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I don't read anything electronically. I don't write electronically, either - except e-mails to my family and friends. I write in longhand. I have always written first drafts by hand, but I used to write subsequent drafts and insert pages on a typewriter.
Credit card agreements run as long as 30 pages, and it's 30 pages of largely incomprehensible text.
Here is what we know after more than a decade of Republican rule: Texas works. Even 'The New York Times' let it slip into its pages that, 'Texas is the future.'
Australia is a huge rest home, where no unwelcome news is ever wafted on to the pages of the worst newspapers in the world.
Once, I got slaughtered after 'Blade Runner' by Pauline Kael: three pages of slaughter. I was so offended, I would never read any more press.
I start a book and I want to make it perfect, want it to turn every color, want it to be the world. Ten pages in, I've already blown it, limited it, made it less, marred it. That's very discouraging. I hate the book at that point.
Sometimes I journal three pages, sometimes I journal thirty pages, but I'm writing all the time, and whatever's happening is happening in real time for me.
Most people don't read editorial pages. I think I must have been 40 before I even looked at an editorial page.
Henry Kissinger never wanted the 20,000 pages of his telephone transcripts made public - not while he was alive, at any rate.
We will never know if any other president approached Nixon in paranoia, profanity or potential criminality, since only his conversations were captured, subpoenaed and ultimately released on the front pages of newspapers.
If a scene is three pages long, quite often people break it up and do a page, say 'cut' then move on to the next bit, they do it in cuts. I don't really like doing that; I like to go through it all in one organic run, then give notes afterward. A little bit more like theater.
I am very lucky that I get to tell stories for a living. I love being able to grab people's attention, to keep them turning the pages, to make them stay awake all night. I want to stir the pulse, yes, but also to stir the heart. I hope 'The Woods' does that.
Let me now praise the American writer James Dickey. In 1970, his novel 'Deliverance' was published. I found it to be 278 pages that approached perfection. Its tightness of construction and assuredness of style reminded me of 'The Great Gatsby.'
The best discussion of trouble in boardroom and business office is found in newspapers' own financial pages and speeches by journalists in management jobs.
I can see a scene in my head, and when I try to get it down in words on paper, the words are clunky; the scene is not coming across right. So frustrating. And there are days where it keeps flowing. Open the floodgates, and there it is. Pages and pages coming. Where the hell does this all come from? I don't know.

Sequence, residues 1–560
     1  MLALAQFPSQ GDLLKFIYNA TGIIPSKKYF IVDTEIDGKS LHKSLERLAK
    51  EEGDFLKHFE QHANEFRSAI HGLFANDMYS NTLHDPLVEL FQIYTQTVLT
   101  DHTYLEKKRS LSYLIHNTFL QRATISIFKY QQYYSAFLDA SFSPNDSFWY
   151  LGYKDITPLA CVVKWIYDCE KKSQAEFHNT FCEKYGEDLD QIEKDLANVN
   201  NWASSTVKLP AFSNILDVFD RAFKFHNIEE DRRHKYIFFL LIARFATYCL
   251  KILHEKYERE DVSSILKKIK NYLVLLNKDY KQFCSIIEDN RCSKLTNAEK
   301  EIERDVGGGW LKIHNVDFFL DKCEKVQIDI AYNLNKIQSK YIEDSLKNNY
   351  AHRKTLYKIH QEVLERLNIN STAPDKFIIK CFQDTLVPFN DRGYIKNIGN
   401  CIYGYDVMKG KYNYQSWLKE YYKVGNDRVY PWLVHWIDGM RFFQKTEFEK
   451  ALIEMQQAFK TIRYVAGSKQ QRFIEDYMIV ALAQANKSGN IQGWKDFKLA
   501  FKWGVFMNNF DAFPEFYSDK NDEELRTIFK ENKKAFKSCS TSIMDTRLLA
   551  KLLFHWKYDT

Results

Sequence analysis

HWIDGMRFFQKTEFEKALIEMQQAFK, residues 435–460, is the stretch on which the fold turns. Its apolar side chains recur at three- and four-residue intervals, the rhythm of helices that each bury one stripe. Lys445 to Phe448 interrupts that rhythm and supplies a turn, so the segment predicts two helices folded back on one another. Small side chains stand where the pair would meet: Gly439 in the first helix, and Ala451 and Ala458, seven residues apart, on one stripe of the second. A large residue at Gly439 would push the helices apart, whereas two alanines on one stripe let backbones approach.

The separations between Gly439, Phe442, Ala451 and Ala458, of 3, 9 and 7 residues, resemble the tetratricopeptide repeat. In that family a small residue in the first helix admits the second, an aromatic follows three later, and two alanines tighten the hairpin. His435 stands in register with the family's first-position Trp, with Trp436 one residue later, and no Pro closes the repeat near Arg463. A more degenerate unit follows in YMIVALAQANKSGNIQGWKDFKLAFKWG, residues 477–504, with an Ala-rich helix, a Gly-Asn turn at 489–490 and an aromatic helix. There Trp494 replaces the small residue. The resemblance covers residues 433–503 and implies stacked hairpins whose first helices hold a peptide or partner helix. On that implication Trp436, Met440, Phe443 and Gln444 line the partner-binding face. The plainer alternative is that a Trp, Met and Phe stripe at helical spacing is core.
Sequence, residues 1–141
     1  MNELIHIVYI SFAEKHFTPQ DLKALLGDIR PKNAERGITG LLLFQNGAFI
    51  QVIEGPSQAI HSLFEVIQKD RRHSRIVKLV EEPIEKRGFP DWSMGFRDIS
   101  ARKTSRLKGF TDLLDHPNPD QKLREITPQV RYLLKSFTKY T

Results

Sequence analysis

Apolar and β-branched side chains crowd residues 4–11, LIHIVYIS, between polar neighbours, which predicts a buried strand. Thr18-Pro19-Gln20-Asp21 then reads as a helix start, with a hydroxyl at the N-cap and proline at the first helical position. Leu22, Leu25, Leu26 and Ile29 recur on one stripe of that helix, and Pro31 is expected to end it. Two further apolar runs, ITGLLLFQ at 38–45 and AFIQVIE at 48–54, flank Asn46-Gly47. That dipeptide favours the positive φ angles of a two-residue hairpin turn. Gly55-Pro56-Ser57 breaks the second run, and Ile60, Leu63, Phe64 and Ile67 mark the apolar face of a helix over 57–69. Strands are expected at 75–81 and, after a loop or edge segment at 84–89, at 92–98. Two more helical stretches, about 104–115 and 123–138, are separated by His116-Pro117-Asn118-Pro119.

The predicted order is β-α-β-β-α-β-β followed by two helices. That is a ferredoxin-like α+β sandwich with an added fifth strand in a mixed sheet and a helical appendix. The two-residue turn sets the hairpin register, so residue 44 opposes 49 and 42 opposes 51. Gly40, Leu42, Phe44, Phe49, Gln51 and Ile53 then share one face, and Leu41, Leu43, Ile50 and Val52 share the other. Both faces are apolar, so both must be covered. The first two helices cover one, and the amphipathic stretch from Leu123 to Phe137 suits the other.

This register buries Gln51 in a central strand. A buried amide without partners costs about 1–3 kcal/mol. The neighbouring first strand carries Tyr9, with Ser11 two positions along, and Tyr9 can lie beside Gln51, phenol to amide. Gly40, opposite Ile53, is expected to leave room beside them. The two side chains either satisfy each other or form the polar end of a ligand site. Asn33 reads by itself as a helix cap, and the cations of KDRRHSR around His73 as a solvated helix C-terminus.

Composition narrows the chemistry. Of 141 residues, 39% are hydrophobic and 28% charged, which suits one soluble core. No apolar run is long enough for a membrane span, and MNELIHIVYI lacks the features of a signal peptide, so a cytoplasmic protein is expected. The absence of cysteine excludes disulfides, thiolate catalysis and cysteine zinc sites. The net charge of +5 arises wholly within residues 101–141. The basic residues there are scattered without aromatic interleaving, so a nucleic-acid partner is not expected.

George R. R. Martin
When you say 'design,' everybody thinks of magazine pages. So it's an emotive word. Everybody thinks it's how something looks, whereas for me, design is pretty much everything.
Soaps are the best. They really are. If you can do a soap, well, you can do anything. You have to learn pages of dialogue very quickly.
If a scene is longer than three pages, it better be for a good reason.
The only way to get gay issues off the front pages of Canadian newspapers is to grant gay and lesbian people our full civil equality and leave it alone.
Reading the several thousand pages of Christopher Isherwood's complete journals is an instructive corrective to the prissiness of reading fiction. Isherwood had faults that we'd say were unforgiveable in a novel (he was careful to distance himself from these in his autobiographical fiction).
I wrote my first book at eight, all of four pages. At 10, I did a 40-page story. At 12, I wrote two stage plays.
When I was in the seventh grade I did a report about the environment and the loss of species. It was supposed to be only a few pages, but ended up being nearly 50.
For me, writing for kids is harder because they're a more discriminating audience. While adults might stay with you, if you lose your pacing or if you have pages of extraneous description, a kid's not going to do that. They will drop the book.
There are writers, and I know some of them, who are very disciplined. Who write, like, four pages a day, every day. And it doesn't matter if their dog got run over by a car that day, or they won the Irish sweepstakes. I'm not one of those writers.
George R. R. Martin
The mail amazes me. I sometimes get these letters that are ten pages, and handwritten, from women pouring their hearts out and, for security reasons, I can only respond with a headshot and 'Dear so and so, be good. WM.' It never feels like enough.
John F. Kennedy
Martin Luther King, Jr.
A. P. J. Abdul Kalam
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